Sergeant Joshua Hardt; and Specialist Stephan Mace. Each of these patriots
gave their lives looking out for each other. In a battle that raged all day,
that brand of selflessness was displayed again and again and
again — soldiers exposing themselves to enemy fire to
pull a comrade to safety, tending to each other’s wounds,
performing “buddy transfusions” — giving each other
their own blood. And if you seek a
measure of that day, you need to look no further
than the medals and ribbons that grace their chests —
for their sustained heroism, 37 Army Commendation Medals; for
their wounds, 27 Purple Hearts; for their valor, 18 Bronze
Stars; for their gallantry, 9 Silver Stars. These men were outnumbered,
outgunned and almost overrun. Looking back, one of them
said, “I’m surprised any of us made it out.” But they are here today. And I would ask these soldiers
— this band of brothers — to stand and accept the gratitude
of our entire nation. (applause) There were many lessons
from COP Keating. One of them is that our
troops should never, ever, be put in a position where they
have to defend the indefensible. But that’s what these soldiers
did — for each other, in sacrifice driven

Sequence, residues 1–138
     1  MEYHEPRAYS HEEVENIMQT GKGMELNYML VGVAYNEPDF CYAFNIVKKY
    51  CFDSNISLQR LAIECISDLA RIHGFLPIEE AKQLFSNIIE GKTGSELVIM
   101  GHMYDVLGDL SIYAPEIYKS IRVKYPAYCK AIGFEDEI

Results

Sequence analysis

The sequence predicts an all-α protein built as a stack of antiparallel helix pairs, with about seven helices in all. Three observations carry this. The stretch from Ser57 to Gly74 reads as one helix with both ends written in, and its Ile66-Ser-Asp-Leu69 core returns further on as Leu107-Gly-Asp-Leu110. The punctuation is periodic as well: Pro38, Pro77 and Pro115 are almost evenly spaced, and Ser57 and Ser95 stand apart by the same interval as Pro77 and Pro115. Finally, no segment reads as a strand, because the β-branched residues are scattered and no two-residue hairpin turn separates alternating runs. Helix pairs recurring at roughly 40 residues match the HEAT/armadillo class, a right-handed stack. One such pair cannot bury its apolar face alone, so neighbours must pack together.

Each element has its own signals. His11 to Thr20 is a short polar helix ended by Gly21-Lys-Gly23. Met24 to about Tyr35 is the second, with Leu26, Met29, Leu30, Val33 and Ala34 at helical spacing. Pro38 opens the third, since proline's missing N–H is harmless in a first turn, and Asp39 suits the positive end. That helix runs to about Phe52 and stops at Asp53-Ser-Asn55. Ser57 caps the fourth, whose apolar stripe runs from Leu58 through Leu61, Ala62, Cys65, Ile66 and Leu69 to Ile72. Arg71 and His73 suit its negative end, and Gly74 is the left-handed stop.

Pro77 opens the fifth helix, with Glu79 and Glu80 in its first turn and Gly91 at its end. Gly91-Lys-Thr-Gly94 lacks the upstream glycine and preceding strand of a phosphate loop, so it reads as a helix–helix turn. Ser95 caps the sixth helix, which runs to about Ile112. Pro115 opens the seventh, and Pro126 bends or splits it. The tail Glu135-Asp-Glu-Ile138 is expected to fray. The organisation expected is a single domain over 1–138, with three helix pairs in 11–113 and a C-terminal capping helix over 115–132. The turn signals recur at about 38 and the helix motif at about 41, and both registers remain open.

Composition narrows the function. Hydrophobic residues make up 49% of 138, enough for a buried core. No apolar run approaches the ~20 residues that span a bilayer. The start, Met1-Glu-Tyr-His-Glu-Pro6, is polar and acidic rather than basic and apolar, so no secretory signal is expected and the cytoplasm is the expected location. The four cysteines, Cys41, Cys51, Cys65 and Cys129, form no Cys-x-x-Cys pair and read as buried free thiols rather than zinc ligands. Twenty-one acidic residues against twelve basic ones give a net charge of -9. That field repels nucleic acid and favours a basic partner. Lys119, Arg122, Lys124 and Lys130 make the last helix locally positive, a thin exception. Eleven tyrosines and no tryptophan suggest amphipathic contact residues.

by pure love. And because they did, eight
grieving families were at least able to welcome their
soldiers home one last time. And more than 40 American
soldiers are alive today to carry on, to keep alive the
memory of their fallen brothers, to help make sure that this
country that we love so much remains strong and free. What was it that turned
the tide that day? How was it that so few Americans
prevailed against so many? As we prepare for the
reading of the citation, I leave you with the
words of Clint himself, because they say something about
our Army and they say something about America; they say
something about our spirit, which will never be broken:
“We weren’t going to be beat that day,” Clint said. “You’re not going to
back down in the face of adversity like that. We were just going to
win, plain and simple.” God bless you, Clint Romesha,
and all of your team. God bless all who serve. And God bless the United
States of America. With that, I’d like the
citation to be read. Military Aide:
The President of the
United States of America, authorized by Act of
Congress, March 3rd, 1863, has awarded in the name
of Congress the Medal of Honor to Staff Sergeant Clinton L.